The BVI’s governor should have shared his concerns about the Cannabis Licensing Act before it was allowed to pass in the House of Assembly (HOA).
This was the view shared by Premier Andrew Fahie at a recent appearance before members of the media.
The BVI’s former governor, Augustus Jaspert, declined to offer assent to the Act last year, citing concerns about the absence of a marijuana licensing body. Thereafter, Jaspert sent the bill to the UK’s Foreign, Commonwealth and Development Office (FCDO). This was a feat that the Premier described as unprecedented in the BVI’s political history.
“It’s a lot of work done to get a bill done and to reach to a level and not [have the bill] assented to,” the Premier shared.
According to Fahie, bills usually see many discussions involving various departments. He said they require a Cabinet paper and a Cabinet sitting before being read and debated in the House of Assembly. He said all these processes happen before any legislation ever gets to a governor for final assent.
The Premier said there are also many public consultations involved in helping to shape a piece of legislation before it passes in the House.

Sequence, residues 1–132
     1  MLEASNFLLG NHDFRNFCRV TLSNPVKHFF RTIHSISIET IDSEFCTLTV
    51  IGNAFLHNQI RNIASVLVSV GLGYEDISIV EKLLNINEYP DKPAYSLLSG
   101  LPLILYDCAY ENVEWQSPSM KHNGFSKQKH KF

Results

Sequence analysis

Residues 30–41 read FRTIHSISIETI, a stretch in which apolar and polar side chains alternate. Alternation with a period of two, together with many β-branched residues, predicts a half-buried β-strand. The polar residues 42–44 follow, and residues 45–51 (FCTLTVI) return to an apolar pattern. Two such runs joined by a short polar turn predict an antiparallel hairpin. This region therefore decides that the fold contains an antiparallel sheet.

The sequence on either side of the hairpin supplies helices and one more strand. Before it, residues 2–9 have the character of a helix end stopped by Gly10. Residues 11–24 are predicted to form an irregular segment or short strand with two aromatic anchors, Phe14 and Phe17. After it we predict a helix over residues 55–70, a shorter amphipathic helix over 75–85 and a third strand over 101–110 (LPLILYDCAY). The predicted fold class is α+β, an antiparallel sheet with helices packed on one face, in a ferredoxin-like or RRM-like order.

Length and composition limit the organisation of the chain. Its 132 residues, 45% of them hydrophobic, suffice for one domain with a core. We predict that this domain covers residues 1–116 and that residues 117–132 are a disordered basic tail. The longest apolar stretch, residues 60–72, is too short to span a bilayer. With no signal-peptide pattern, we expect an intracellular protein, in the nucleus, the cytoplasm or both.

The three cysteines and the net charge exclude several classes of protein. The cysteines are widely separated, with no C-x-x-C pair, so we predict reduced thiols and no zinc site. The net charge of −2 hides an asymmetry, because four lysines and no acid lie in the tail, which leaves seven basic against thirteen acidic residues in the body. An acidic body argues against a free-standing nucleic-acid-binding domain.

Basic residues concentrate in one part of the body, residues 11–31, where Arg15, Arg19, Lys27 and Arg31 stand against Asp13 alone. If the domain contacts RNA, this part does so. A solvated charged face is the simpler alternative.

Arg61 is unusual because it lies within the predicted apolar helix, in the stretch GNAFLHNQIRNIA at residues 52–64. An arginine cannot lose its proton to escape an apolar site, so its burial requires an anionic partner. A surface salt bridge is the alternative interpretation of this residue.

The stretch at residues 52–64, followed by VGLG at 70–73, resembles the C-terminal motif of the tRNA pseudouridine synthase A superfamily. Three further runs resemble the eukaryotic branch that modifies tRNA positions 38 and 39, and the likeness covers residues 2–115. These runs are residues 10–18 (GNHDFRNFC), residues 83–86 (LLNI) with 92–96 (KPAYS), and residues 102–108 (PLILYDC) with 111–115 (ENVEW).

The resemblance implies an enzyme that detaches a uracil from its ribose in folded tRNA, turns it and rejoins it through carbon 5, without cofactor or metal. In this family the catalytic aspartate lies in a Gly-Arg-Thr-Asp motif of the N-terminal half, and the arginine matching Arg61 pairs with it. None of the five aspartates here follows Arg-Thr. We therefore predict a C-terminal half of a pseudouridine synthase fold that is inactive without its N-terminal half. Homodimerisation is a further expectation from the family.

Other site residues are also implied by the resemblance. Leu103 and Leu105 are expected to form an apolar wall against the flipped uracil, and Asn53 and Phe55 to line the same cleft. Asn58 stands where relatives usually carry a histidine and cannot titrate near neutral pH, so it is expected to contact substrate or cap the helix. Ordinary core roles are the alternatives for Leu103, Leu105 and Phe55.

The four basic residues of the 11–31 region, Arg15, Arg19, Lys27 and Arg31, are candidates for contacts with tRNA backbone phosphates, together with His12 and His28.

“It takes some wind out of you sometimes when you reach to that level after all that and the public consultations – and then have it not assented to for something that was never mentioned to you in all of those processes along the way,” Premier Fahie said.
“Somebody could have said something if it was concerning them,” he added.
Licensing provision was already in the bill
But the Premier said the overriding concern that has stymied the bill thus far – a licensing body – was already taken into account and provisions were made for this in the legislation.
“One of the areas that we were concerned about with that is that one of the bills does have inside of the bill, to create a licensing body,” the Premier said.
He noted that the previous governor was also consulted on the bill before its passage and requests were made of him for any likely amendments.
Furthermore, the Premier claimed that when concerns were raised at the time of its drafting, the Attorney General at the time, Baba Aziz, said that there were no issues of conflict that arose.
The Premier described the issue as a challenge that his administration did not anticipate but said they will work with the UK in whatever areas are needed so the bill can be enacted.
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